19  Best Academic Papers

If you’re new to the microbiome and would like to dig into the academic papers that drive the field, here’s the selection that I consider required reading.

Microbiome science is in its infancy, but its enormous potential makes it an environment rich in highly speculative research, often with results that are overturned rapidly with new discoveries. So before you read anything else, I encourage a peek at this 2014 Nature article by Harvard epidemiology professor William P. Hanage: Microbiome science needs a healthy dose of skepticism

19.0.2 Academic Papers

When you’re ready to go to the original sources, be careful: there are tens of thousands of studies, many of them contradictory and quickly out of date. Here are the ones I think deserve to be read first.

  • Historic papers (HMG)
  • Population studies (enterotype, population studies)
  • Specific microbes (Akkermansia, Bifidobacterium, etc.)
  • Methods

19.0.3 General Overview

A detailed technical review of how scientists study the microbiome, with an emphasis on how to judge the quality of results. This is a good overview for a smart person who wants an introduction to how we know what we know.

Tyler, Smith, and Silverberg (2014) (Full Text) Tyler, Andrea D, Michelle I Smith, and Mark S Silverberg. “Analyzing the Human Microbiome: A ‘How To’ Guide for Physicians.” The American Journal of Gastroenterology 109, no. 7 (July 2014): 983–93. doi:10.1038/ajg.2014.73.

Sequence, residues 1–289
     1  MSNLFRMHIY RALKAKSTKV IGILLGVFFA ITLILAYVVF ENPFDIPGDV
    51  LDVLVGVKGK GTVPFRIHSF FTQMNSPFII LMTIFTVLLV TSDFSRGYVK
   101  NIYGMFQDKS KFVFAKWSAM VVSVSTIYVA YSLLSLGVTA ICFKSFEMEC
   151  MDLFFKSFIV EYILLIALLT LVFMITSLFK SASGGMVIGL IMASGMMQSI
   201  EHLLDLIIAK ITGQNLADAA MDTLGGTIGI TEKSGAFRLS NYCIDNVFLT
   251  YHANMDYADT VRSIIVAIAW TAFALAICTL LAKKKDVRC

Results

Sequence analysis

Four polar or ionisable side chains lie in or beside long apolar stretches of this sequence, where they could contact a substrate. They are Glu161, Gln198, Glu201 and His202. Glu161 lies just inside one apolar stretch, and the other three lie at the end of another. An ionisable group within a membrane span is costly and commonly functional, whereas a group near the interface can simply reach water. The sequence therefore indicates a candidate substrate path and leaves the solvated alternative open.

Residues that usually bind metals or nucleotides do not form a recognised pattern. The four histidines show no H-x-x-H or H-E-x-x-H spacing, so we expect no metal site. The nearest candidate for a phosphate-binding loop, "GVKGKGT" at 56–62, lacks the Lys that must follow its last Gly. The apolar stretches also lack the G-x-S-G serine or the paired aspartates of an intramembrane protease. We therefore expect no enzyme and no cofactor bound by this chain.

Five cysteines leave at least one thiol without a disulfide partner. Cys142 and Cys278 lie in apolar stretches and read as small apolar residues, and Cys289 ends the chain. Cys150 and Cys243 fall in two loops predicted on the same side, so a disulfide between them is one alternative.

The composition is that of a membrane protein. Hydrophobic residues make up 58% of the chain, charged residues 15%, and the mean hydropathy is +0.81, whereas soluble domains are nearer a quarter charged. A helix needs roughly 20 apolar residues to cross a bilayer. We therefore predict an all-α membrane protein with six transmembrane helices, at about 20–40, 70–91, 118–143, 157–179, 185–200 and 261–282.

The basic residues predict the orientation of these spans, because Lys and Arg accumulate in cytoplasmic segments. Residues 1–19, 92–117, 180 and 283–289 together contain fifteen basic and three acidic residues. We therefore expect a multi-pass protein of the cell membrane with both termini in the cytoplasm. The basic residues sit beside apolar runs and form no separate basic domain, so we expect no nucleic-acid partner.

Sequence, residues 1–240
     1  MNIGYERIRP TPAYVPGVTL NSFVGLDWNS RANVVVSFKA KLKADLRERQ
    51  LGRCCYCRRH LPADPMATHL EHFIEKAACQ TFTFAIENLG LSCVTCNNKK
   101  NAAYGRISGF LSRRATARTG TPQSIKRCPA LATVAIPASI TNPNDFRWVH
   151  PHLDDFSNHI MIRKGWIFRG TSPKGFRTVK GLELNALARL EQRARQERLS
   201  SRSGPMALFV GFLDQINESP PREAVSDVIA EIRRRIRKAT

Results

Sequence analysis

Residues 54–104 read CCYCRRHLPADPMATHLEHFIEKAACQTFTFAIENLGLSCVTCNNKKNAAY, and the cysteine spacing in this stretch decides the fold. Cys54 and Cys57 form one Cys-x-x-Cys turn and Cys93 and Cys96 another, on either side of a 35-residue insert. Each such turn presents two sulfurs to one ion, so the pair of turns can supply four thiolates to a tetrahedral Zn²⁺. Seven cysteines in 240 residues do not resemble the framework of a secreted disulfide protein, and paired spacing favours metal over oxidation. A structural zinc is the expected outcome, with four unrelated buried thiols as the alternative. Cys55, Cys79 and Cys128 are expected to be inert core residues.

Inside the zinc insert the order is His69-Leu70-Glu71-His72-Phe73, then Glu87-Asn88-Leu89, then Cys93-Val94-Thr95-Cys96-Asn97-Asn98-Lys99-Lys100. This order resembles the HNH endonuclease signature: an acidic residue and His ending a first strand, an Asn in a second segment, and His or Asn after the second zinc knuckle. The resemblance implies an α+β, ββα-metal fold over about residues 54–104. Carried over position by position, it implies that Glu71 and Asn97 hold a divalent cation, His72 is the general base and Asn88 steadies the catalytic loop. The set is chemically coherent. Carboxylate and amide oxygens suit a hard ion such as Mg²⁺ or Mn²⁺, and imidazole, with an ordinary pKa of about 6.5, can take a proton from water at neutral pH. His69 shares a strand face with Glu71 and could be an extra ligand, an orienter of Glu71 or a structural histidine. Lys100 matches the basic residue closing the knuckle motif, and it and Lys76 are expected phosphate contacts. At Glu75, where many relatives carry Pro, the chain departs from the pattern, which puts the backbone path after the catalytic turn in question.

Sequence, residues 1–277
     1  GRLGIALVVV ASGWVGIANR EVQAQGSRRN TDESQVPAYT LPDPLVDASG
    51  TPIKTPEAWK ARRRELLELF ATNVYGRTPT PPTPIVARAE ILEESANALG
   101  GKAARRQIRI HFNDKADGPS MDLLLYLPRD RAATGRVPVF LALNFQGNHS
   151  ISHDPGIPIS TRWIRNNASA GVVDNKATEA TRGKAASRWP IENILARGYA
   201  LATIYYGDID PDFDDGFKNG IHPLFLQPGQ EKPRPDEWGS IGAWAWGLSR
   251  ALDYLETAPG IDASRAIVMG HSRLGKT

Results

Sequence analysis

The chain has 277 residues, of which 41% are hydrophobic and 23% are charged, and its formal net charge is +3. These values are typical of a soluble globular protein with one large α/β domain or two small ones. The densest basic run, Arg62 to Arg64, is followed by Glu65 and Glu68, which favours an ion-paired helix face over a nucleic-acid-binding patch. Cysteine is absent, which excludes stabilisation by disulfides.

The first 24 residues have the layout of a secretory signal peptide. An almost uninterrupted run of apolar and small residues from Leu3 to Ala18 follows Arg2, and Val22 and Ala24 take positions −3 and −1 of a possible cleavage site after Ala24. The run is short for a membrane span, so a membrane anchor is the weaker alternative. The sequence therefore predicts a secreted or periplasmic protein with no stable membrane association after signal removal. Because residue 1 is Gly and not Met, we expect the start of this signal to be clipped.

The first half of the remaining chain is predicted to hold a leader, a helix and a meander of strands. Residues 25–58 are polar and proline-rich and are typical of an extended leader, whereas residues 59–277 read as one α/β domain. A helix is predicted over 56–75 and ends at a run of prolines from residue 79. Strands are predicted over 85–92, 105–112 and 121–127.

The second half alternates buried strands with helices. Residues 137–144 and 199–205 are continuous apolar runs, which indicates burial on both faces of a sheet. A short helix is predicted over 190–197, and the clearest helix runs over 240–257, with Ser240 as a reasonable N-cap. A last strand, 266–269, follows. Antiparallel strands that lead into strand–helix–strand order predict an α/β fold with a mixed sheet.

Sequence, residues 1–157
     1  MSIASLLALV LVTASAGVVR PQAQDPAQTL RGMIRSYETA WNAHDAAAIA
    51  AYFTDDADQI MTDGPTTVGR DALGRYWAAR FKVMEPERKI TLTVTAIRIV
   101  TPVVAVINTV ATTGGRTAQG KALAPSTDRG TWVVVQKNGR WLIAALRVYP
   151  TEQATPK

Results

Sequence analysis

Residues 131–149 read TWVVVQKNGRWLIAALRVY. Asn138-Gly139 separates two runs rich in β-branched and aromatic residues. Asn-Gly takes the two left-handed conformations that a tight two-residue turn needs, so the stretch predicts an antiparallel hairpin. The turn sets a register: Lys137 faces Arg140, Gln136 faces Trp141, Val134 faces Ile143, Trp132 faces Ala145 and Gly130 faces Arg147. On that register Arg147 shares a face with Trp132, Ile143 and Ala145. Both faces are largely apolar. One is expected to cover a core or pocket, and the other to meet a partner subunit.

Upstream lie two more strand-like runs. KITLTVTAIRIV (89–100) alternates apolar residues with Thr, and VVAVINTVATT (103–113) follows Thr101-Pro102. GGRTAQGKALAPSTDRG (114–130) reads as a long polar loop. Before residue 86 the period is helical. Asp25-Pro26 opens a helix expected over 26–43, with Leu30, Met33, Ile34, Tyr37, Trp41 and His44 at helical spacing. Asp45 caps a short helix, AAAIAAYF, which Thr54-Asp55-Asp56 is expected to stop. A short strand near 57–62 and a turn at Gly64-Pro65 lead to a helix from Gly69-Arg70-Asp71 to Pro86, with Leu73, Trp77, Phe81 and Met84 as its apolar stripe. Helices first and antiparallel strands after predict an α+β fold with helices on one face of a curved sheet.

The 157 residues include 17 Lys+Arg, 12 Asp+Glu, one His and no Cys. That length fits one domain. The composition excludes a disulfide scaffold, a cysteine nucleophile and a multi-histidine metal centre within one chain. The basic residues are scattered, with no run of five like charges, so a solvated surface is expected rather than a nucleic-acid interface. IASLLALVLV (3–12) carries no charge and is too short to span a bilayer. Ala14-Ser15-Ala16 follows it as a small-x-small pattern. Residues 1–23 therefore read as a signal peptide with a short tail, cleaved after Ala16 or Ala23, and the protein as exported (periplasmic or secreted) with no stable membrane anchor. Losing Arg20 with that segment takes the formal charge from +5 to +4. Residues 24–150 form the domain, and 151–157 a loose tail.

Here is another one:

Young, Vincent B. “The Role of the Microbiome in Human Health and Disease: An Introduction for Clinicians.” BMJ, March 15, 2017, j831. doi:10.1136/bmj.j831.

19.0.4 Microbes and Behavior

A 2019 summary of the links between microbes and psychiatry: Ameringen et al. (2019)

Ameringen, M., Turna, J., Patterson, B., Pipe, A., Mao, R. Q., Anglin, R., & Surette, M. G. (2019). The gut microbiome in psychiatry: A primer for clinicians. Depression and Anxiety. https://doi.org/10.1002/da.22936

19.0.5 Historic Papers

The final paper describing conclusions of the Human Microbiome Project:

Human, T., Project, M., & Figures, S. (2012). Structure, function and diversity of the healthy human microbiome. Nature, 486(7402), 207–14. http://doi.org/10.1038/nature11234

19.0.6 Self-tracking

Track as much as you can about two people for an entire year: their diet, physical activity, and microbiome; look for correlations. Conclusion: the microbiome is remarkably stable and quickly recovers to its baseline. The “Methods” section is especially interesting because it goes into detail on how to find interesting statistical results with such complicated data.

David, L. A., Materna, A. C., Friedman, J., Campos-Baptista, M. I., Blackburn, M. C., Perrotta, A., … Alm, E. J. (2014). Host lifestyle affects human microbiota on daily timescales. Genome Biology, 15(7), R89. http://doi.org/10.1186/gb-2014-15-7-r89